New York

Agnes Martin

Pace Gallery

There is nothing new about Agnes Martin’s new paintings, nothing new because they do not show a departure from one style to another. There is a sense of perpetual advent to them, of something continually coming into being. She is a master at evoking temporal drama from minimal form. Landscape has influenced the work; vast ground is represented concisely in unfettered line and color.

This show consisted of eight paintings, each 6 by 6 feet, composed of delicate horizontal graphite lines marking bands of gesso-muted, whitish colors, tinted with pink, blue and yellow. Each is untitled and numbered, and their compositions indicate meditations on the same theme. But technical descriptions of her work, like the term “minimal,” do not do justice to the physical power of these paintings, which is closer to that of certain Abstract Expressionist works. Martin once suggested years ago that people should be able to watch a waterfall for the duration of an afternoon. Not that I have ever spent a day or even a half an hour in front of a waterfall, but her paintings make me think I have. The constant movements of light and value, the streams of diffused color washing in and out of the graphite lines are natural, essential components. In Untitled No. 18 and Untitled No. 11, the wide bands are almost colorless, the graphite seems to evaporate, but subtly moves in and out, or up and down, as does a horizon. Years ago, Lawrence Alloway called this “arrested movement revealed.”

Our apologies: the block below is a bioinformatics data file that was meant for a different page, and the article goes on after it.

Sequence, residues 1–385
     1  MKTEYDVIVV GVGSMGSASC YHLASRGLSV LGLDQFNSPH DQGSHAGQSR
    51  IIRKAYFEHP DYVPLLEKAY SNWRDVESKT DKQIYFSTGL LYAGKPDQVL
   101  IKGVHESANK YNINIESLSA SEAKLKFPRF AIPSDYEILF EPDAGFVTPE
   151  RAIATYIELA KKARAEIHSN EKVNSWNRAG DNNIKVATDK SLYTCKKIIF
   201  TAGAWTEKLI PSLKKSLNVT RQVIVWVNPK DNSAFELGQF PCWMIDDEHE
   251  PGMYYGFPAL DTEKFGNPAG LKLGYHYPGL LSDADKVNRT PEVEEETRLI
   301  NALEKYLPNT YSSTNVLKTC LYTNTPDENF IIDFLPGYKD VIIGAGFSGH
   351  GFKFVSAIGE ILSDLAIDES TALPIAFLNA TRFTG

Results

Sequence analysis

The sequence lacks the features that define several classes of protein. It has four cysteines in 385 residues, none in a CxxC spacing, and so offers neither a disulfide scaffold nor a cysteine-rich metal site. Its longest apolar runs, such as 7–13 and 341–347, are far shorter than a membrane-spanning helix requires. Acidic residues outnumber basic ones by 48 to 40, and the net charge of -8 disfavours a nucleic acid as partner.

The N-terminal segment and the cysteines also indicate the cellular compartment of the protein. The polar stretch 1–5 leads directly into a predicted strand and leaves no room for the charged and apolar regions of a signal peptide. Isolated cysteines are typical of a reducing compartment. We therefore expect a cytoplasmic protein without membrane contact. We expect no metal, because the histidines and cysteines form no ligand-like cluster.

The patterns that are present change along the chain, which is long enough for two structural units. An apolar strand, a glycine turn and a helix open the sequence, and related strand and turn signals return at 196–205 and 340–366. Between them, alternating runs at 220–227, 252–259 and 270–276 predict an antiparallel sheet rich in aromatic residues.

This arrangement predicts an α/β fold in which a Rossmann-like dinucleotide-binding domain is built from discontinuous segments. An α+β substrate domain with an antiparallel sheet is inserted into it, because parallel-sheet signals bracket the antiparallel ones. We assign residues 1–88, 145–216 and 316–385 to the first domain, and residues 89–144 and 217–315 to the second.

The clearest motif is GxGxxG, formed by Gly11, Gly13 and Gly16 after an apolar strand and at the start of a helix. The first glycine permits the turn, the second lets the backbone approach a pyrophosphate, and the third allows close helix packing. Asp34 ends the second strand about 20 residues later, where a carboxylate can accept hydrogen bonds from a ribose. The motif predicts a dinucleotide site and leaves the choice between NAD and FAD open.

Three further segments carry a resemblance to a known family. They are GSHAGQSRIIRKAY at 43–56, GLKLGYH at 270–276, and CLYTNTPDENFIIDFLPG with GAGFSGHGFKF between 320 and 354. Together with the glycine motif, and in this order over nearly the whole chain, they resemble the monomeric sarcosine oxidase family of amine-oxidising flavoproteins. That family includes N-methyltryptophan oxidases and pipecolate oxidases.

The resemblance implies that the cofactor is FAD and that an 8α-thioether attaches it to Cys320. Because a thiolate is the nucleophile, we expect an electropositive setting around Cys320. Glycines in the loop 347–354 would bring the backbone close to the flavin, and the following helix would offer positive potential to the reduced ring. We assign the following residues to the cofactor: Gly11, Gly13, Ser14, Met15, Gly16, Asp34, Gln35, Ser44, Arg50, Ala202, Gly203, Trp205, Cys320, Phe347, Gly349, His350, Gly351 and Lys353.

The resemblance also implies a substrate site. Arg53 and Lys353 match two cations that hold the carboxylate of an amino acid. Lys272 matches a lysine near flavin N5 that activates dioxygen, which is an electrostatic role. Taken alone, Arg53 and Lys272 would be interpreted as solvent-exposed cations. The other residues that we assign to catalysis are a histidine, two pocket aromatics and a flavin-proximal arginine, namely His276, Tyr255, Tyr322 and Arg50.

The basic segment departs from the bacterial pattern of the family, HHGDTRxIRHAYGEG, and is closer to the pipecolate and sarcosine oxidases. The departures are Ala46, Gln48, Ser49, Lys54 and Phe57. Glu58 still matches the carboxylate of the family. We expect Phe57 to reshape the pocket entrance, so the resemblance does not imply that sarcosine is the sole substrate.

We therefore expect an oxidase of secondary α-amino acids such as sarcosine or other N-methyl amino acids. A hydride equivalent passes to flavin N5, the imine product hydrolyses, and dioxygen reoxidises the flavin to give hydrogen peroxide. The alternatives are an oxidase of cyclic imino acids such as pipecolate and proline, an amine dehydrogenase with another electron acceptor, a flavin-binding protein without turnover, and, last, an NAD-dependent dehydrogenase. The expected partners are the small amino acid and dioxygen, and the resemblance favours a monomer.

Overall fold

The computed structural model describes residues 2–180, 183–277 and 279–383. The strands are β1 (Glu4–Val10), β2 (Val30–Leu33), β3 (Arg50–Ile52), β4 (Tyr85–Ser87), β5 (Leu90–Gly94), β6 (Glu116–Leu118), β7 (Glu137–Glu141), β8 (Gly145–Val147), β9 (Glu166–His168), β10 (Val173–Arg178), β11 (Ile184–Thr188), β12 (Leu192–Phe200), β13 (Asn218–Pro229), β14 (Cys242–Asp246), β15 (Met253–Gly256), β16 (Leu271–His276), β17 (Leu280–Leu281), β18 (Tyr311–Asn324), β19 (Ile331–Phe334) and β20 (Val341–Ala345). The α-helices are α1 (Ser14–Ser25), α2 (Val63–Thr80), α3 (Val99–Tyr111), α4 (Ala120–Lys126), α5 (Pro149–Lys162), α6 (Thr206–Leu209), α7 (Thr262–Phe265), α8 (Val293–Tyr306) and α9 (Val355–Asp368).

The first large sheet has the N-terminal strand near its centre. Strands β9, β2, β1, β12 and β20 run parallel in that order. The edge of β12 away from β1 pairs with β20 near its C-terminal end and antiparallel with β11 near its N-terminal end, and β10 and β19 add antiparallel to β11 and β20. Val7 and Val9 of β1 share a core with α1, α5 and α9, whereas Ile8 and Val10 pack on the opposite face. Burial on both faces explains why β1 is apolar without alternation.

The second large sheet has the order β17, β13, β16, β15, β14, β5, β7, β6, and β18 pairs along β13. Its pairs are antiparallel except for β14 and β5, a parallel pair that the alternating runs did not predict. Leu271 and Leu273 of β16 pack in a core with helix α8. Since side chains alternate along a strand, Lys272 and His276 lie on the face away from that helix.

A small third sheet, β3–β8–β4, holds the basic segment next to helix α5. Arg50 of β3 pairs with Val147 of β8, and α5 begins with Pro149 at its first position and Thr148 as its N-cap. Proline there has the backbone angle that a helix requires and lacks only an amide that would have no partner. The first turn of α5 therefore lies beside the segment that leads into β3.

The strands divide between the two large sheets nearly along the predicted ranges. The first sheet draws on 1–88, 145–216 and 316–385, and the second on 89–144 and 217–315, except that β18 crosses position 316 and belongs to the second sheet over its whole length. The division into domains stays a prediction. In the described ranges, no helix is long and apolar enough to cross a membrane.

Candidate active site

I was interested to learn, from the artist’s writings, that she has long adamantly resisted a “mystical” interpretation of her work. There is little to prevent the viewer from experiencing her paintings: the subject is so utterly simple.

Joan Casademont